Lex van Dam Trading Academy – Online Deal
Online Stock-Trading Course with Option for Workbooks (Up to 95% Off). Four Options Available.
The bell became the preferred way to signal Wall Street’s opening after the truck-mounted air horn got traders hooting and arm-pumping just to hear the horn blown again. Fine-tune your financial signals with this Groupon.
Choose from Four Options
$29 for a 5-Step-Trading Stocks online course (up to a $599 value)
$39 for the above course and a 90-page 5-Step-Trading Stocks online workbook (up to a $678 value)
$35 for an advanced 5-Step-Trading Stocks: Avoid Common Trading Mistakes online course, including advanced trading tips and a trading-screen training module (a $699 value)
$45 for the above advanced course and an accompanying online workbook (a $778 value)
Students can watch each course module up to five times each to accrue enough insights to design a strong personal portfolio.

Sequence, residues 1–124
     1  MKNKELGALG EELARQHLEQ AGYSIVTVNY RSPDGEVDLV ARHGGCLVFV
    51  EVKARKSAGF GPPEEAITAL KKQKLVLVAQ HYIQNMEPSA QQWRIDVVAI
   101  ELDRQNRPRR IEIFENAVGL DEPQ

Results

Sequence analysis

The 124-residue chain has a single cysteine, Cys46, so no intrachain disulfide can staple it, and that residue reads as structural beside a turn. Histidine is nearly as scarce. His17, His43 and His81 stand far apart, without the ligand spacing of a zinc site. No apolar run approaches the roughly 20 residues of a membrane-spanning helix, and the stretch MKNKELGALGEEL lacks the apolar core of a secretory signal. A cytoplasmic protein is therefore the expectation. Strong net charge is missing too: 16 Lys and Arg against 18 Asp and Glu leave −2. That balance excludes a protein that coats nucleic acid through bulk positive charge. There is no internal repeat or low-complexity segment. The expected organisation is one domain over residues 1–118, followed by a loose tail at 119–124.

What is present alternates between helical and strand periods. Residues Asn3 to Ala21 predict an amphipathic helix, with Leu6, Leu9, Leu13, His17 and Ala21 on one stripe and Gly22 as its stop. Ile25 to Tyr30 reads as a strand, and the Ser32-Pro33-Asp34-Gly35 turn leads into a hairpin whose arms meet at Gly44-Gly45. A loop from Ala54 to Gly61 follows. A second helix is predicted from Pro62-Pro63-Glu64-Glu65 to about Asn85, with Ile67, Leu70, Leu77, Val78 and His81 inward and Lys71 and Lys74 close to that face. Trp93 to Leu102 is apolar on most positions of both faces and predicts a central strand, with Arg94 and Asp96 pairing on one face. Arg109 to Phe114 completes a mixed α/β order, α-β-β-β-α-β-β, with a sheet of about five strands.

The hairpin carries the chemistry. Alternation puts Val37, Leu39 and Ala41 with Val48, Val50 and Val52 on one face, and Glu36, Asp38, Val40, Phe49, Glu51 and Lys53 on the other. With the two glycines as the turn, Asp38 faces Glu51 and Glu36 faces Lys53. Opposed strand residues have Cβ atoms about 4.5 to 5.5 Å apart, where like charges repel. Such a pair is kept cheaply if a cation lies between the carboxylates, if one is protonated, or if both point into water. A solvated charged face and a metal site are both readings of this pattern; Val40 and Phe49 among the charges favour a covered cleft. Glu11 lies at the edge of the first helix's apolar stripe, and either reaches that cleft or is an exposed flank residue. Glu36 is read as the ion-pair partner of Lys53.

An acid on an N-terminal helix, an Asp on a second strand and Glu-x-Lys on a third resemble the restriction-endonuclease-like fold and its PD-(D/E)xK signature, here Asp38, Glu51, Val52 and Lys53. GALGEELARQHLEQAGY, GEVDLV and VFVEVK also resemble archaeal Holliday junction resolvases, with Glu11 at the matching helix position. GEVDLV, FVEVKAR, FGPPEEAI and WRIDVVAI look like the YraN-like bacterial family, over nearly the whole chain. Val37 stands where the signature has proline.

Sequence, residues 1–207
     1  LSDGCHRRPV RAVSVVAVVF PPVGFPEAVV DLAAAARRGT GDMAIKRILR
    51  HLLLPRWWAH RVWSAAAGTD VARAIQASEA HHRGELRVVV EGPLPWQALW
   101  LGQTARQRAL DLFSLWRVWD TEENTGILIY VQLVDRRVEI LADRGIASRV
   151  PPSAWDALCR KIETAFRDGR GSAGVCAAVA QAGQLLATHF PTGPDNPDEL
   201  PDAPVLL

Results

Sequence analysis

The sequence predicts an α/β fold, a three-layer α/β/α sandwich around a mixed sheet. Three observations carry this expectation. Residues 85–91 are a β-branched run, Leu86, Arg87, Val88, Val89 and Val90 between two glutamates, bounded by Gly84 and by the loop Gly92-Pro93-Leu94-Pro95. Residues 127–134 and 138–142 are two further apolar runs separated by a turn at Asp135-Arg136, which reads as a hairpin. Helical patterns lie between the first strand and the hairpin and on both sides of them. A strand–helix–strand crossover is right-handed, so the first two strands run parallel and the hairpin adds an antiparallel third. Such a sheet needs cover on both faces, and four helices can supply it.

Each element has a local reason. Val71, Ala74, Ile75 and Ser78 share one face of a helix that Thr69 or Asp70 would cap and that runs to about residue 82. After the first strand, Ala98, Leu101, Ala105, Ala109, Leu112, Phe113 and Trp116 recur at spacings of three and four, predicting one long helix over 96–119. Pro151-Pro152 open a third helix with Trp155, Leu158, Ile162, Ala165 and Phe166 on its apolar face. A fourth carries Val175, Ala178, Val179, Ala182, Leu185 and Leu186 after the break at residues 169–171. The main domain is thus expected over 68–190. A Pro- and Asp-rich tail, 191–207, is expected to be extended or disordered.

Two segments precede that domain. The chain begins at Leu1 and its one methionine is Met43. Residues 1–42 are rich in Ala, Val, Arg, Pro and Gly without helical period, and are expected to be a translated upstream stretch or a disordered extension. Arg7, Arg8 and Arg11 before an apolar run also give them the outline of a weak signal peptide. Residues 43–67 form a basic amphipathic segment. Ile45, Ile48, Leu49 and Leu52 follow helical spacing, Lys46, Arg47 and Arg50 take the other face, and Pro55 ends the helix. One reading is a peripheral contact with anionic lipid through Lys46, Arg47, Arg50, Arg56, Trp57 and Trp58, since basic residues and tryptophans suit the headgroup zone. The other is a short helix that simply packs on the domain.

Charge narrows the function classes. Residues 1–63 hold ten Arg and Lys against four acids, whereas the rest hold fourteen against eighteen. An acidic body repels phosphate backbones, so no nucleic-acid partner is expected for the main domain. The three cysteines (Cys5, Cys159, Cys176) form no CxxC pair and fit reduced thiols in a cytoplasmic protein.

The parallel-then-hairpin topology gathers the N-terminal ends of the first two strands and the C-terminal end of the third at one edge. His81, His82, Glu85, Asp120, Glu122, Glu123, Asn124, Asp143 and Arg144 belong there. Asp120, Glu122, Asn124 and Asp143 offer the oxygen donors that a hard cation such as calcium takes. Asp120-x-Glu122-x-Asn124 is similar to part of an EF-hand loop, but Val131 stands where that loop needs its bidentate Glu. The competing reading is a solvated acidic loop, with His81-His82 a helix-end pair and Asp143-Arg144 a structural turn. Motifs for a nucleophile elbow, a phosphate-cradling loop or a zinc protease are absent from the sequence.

Though this merchant sometimes offers a discounted price online, this Groupon is still the best deal available.
Lex van Dam Trading Academy
Professional hedge-fund manager Lex van Dam opened a trading academy to teach Main Street folks to turn a profit in the stock market. Both the academy and the online academy organize material into five modules based on the basic principles of successful trading: idea generation, company analysis, chart analysis, trading psychology, and risk management. Through these modules, aspiring marketeers learn to make savvy trades based on a deep understanding of the market, rather than from newspaper predictions or company horoscopes. The company-evaluation module, for instance, reveals which financial numbers matter and which are irrelevant, and trading psychology teaches students to remain levelheaded while making decisions.
Lex van Dam learned how to ride the waves of the free market during his time at Goldman Sachs and as a hedge-fund manager himself. He taught a group of novices to out-trade pros on BBC’s Million Dollar Traders, a reality show that turned ordinary people into market wizards and insufferably smug Monopoly players.